Back in the city! Well, ok, at 70 000 inhabitants I suppose it should be called a town. Anyway, I took a pit stop in Tromsø last week, primarily to look through the topographical and ethnographical archives at Tromsø Museum. However, I soon realized that the archives are extensive, and that I should rather get around to see as many sites as possible during the field season. I will come back to Tromsø during the cold and snowy winter to have a closer look at reports on possible circular offering sites and other relevant information.
With a little help from my friends (thank you Eline, Randi, and Per!) I had a car for a couple days during the week, and could go out to see two sites in the Tromsø area with reported possible Sámi circular offering sites.
One of them turned out to have no structures resembling circular offering sites whatsoever, but the other site sounded intriguing. It is located on the south side of Kvaløya, just outside Tromsø, on the roadless outer side of Torsnes (“Tor´s cape”). In this place there are various remains of fishing and farming settlements, spanning from the Iron Age to the 20th century. The remains include old houses, housegrounds, and some Iron Age grave cairns ascribed to Norse habitation.
Traditionally the whole area has been considered by archaeologists to be Norse and Norwegian since the Iron Age, so the presence of a circular offering site would be very interesting. It would also add to the doubt that has been raised about the assumed Norse/Sámi cultural dichotomy in Northern Norway:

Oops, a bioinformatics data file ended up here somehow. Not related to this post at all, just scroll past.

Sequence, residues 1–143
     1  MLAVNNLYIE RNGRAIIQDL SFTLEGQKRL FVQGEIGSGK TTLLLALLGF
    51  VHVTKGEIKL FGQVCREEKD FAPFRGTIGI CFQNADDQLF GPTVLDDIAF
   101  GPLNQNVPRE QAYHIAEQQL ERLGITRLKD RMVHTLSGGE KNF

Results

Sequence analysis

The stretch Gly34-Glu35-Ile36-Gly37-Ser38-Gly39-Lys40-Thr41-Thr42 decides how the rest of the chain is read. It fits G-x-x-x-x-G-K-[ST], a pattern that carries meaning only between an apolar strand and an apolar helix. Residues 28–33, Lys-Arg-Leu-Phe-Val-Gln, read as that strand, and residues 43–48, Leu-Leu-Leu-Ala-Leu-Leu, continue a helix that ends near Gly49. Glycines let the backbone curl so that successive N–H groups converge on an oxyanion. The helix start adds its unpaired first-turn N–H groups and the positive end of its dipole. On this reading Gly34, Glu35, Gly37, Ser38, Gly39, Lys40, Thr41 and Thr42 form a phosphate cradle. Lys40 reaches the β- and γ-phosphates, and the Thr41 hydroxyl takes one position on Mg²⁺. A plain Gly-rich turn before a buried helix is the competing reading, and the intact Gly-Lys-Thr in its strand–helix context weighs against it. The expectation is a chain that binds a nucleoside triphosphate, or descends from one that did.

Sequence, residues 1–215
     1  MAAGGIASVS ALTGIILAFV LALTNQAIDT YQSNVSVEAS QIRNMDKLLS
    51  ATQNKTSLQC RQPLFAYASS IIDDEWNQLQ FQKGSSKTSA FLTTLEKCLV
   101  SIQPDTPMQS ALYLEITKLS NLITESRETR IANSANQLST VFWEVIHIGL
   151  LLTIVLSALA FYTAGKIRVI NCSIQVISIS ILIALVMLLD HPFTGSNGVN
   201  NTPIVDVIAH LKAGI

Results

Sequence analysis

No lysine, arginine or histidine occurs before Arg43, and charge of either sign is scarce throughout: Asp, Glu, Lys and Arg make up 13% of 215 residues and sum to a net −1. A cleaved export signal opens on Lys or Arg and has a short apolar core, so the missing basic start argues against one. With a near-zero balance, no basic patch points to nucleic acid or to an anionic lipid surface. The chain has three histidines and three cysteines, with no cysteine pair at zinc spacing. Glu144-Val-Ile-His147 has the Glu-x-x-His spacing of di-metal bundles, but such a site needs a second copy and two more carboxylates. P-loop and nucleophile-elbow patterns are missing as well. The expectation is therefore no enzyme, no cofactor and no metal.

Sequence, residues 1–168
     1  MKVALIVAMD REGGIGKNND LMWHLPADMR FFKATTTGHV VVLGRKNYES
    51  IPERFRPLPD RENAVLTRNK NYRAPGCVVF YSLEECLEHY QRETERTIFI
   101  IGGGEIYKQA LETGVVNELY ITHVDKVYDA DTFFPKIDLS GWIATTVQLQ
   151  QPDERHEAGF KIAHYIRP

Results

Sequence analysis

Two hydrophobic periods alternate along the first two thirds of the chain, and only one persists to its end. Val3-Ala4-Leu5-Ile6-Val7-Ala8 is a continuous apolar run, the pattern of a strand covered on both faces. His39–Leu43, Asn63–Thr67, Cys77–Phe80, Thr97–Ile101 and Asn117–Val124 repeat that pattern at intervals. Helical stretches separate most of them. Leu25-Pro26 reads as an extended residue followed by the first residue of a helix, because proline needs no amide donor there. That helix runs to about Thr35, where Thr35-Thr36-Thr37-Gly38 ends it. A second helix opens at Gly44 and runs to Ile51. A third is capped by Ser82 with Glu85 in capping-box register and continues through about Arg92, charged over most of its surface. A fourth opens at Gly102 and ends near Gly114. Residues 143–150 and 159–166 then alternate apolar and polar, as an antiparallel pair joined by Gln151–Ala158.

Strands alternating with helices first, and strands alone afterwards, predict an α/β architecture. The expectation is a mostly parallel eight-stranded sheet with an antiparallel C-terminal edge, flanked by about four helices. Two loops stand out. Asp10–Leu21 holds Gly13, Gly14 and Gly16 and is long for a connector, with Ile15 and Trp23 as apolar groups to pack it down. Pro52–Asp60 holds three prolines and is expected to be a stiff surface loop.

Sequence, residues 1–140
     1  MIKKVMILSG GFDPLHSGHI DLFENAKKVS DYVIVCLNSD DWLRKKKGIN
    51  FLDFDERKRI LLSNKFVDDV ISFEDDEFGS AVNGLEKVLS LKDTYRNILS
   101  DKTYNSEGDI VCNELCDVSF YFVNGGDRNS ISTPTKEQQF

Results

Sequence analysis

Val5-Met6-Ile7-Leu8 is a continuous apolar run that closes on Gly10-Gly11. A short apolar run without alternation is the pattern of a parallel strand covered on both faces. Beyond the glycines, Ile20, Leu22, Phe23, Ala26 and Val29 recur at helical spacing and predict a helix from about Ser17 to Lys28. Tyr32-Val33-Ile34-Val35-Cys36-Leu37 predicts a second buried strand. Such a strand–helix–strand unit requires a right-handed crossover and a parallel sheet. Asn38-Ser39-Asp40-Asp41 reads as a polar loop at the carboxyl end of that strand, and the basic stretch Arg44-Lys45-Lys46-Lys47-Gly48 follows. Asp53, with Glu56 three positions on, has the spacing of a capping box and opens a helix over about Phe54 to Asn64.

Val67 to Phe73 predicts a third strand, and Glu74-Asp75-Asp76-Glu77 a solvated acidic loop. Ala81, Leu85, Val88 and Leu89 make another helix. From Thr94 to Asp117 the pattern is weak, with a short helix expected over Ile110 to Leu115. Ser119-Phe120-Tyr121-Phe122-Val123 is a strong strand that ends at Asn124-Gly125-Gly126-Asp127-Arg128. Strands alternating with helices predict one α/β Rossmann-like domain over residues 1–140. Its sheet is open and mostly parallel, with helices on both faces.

With the growing awareness of Sámi cultural remains and archaeology in Northern Norway during the last 40 years, previous registrations of Norse cultural remains have partly been questioned, and sometimes a revaluation is in order. Some structures and finds need to be reinterpreted in a Sámi perspective, while others point to a more complex cultural situation than the Sámi/Norse dichotomy that has been the usual underlying assumption within archaeological research during these years. I have previously studied the locally based “mixed” cultural expressions of the Viking and Early Medieval silver hoards in Northern Norway (see thesis here). Among other examples of such research, Inga Malene Brun has studied mixed expressions in graves (see thesis here), one of them at Austein, just north of Torsnes.
The site I went to see on Torsnes has been registered as a Norse plundered cairn, but it resembles a stone circle. Hence, it has been discussed as a possible circular offering site. In this instance, however, I am inclined to agree with the first registration. I may be speaking to soon, but my immediate impression is that more stones have been brought to the little hill where the stone “circle” lies, than what would have been needed just to build a circle. In other words, there are enough stones there to have formed a cairn, so I find it plausible that it has actually been a cairn, and that the circle shape is a later and accidental result of a plundering.
Even though I do not think this particular structure is the same as the circular offering sites I have seen so far, the trip was definitely worthwhile. The collection of data has to include these kinds of structures to be able to determine the criteria for what is, and what is not, a Sámi circular offering site.
I am now on the move again in Northern Troms, reports on the adventures here will follow!